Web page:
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For information and resources related to BlendFlex and Remote instruction, please refer to UCF Keep Teaching (for faculty) and UCF Keep Learning (for students) pages. Additionally, be sure to review Our Promise to Support the UCF Community and see how everyone at the Division of Digital Learning is here to support our Knights.

Moving classes online during the quick pivot to remote instruction due to COVID-19 in March of 2020 had its challenges and hurdles. Most were handled by posting course content and resources into Webcourses@UCF. But what about software needed for courses that is only available on UCF campus lab computers? How did students gain access to vital resources needed for research?

Fourth-year students in the Mechanical and Aerospace Engineering Department were met with this challenge in spring and summer 2020. As a requirement, all seniors in the program take a two-semester Capstone course (Senior Design) instructed by Kurt Stresau. This project-based, team-based learning effort is intended to bridge students from academic learners to career-ready graduates. During their projects, they are typically required to use advanced software hosted on computers in campus labs for engineering analysis.

Over the summer, a task force consisting of Dr. Wendy Howard from the Center for Distributed Learning; JP Peters and Robert Connors from UCF IT; Pedro Cordero, an IT representative from the College of Engineering and Computer Sciences; and George Loubimov, a senior Ph.D. student and Project Advisor for the program initiated an effort to provide a virtual computing capability allowing students to access this software from their respective homes. Professor Mark Steiner and Dr. Manoj Chopra were also instrumental in seeking a solution for providing access.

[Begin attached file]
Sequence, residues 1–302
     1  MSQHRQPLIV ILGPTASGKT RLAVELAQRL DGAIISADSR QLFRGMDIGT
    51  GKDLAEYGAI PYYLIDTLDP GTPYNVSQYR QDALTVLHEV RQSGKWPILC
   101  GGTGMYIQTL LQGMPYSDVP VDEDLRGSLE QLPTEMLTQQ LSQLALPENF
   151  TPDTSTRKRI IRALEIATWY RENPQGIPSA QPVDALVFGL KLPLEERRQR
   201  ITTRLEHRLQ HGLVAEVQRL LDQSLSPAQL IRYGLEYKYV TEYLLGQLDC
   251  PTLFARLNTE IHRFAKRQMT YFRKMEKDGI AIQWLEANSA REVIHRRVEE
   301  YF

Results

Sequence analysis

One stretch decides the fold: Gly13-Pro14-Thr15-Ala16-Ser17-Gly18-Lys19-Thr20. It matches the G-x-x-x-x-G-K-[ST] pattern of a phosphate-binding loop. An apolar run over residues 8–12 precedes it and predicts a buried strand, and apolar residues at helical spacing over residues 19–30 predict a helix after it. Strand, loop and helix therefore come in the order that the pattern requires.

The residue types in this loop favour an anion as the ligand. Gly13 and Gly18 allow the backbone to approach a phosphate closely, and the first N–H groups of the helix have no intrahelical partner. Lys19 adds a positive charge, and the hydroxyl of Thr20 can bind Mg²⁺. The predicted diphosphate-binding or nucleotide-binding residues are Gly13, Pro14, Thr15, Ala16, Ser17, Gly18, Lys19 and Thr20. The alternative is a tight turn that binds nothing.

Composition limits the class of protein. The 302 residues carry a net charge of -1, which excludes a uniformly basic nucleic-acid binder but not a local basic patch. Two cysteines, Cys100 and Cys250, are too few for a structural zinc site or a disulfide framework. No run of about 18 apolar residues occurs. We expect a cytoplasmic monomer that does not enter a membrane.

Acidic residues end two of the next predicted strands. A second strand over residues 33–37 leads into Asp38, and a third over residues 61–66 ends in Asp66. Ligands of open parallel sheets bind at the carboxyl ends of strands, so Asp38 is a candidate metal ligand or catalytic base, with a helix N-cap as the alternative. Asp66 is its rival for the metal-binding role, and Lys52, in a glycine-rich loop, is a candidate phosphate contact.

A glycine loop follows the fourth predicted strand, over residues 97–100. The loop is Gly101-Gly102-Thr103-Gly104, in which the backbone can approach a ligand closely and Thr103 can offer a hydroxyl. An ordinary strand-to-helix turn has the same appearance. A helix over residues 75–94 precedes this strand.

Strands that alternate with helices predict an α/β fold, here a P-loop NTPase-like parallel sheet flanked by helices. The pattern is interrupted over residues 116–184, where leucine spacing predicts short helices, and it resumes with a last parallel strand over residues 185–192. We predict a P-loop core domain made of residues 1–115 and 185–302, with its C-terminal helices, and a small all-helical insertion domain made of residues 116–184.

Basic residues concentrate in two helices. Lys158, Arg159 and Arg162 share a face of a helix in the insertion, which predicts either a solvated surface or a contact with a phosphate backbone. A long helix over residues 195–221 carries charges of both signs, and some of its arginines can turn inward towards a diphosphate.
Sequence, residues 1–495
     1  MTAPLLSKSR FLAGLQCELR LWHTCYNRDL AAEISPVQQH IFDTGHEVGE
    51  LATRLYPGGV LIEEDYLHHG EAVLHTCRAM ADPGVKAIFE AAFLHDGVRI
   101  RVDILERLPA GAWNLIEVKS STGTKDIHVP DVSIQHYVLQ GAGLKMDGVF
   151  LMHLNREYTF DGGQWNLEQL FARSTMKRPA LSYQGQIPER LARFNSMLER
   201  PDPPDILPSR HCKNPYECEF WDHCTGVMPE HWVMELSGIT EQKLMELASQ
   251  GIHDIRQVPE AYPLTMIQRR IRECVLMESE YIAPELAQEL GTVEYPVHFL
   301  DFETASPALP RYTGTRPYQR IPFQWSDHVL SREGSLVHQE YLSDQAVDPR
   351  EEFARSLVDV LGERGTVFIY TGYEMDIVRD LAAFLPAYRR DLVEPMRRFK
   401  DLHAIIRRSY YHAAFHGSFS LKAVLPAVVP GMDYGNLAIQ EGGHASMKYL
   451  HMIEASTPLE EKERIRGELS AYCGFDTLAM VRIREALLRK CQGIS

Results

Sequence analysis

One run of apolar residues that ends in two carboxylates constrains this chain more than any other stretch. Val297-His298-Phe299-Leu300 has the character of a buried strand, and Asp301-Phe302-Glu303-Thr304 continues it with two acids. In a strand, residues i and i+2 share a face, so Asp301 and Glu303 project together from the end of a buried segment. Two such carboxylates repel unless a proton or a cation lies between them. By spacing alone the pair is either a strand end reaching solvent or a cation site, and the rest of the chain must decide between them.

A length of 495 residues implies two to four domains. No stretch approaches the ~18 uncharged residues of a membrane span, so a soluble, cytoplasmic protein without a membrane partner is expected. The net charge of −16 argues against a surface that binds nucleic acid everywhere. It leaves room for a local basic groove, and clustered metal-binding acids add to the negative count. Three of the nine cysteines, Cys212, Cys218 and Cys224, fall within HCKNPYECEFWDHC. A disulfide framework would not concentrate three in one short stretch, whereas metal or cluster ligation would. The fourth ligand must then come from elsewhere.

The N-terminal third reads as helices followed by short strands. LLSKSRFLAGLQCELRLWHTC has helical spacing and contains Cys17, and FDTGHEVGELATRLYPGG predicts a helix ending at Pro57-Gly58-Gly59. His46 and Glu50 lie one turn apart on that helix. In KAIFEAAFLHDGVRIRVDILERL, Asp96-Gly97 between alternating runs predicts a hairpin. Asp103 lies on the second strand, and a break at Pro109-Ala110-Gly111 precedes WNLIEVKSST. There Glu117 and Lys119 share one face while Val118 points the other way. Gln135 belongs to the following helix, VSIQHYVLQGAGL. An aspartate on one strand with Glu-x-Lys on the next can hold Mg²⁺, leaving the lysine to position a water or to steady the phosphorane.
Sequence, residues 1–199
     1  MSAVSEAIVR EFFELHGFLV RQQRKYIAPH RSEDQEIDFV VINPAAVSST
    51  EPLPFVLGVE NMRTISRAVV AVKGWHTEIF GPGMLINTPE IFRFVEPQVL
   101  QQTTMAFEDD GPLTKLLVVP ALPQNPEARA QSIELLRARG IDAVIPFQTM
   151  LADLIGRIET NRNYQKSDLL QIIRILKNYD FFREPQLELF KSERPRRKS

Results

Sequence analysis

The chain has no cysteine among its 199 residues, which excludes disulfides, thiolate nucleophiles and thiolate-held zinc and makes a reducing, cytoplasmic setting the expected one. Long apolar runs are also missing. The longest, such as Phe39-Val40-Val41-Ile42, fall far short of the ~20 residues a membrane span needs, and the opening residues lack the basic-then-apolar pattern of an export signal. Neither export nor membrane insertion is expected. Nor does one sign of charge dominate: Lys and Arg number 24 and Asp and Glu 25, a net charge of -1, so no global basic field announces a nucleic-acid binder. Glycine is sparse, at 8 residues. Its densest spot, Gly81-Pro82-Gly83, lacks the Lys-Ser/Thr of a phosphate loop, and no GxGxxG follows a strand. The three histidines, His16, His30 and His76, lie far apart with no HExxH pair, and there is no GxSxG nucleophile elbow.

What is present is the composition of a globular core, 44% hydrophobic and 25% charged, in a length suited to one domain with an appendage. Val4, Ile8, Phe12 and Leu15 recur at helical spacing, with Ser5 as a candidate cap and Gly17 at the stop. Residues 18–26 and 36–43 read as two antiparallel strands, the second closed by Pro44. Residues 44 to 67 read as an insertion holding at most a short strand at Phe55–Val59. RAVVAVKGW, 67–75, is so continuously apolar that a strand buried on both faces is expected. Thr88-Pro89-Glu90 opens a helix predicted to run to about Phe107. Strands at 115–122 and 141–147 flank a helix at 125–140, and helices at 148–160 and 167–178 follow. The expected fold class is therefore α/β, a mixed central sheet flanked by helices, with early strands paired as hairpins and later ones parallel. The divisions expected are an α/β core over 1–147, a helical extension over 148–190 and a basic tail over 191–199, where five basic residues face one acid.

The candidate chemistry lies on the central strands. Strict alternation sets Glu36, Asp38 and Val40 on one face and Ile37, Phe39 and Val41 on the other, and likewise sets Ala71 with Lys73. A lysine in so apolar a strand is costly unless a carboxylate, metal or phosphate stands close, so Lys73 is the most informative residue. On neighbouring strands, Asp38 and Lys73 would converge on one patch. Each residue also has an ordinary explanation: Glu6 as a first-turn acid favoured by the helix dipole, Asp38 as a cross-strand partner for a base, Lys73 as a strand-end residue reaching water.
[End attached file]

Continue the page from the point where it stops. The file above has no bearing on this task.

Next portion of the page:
This solution involved cloud-based computing resources accessing the UCF owned software licenses. This virtual-machine (VM) implementation allowed students to use UCF Apps to access this higher-performance software and not be limited to lesser performing student versions. The cloud based VM will also overcome hardware processing limitations since it is not running the software on the student machines.

The technology for this solution had been rejected in the past by faculty prior to the COVID-19 pandemic, but with safety precautions and social distancing in place, there was no other choice but to move to this type of lab. To better understand what was needed, UCF IT met with instructors to determine the challenges of a virtual lab environment. With classes being remote, a closer partnership was formed to tackle any issues and obstacles before them.

One of the current obstacles is cost. The Citrix Cloud version of UCF Apps was used along with Micosoft Azure for storage, but this computation comes with an ongoing “bill of use” much like an electric bill. “You pay for what you use,” which means it is important to understand when and how students will use the virtual lab to optimize costs. Moving forward with this near-term, administrative support will be needed for funding and financial guidance to cover the costs.

This support is not solely in place for the College of Engineering. In fact, UCF IT has developed a model that has worked for all types of use cases using UCF Apps and Microsoft Azure. If students are having trouble accessing and using specialized software for your course, you can consult with UCF IT to learn more about how they can help. If you want to explore what is currently available, please visit https://it.ucf.edu/ucf-apps.

Additionally, the Center for Distributed Learning and UCF IT have partnered to create a Canvas Commons Quick Start Module to help students and faculty work successfully with UCF Apps. If you have any questions and would like more information, please email iLab@ucf.edu.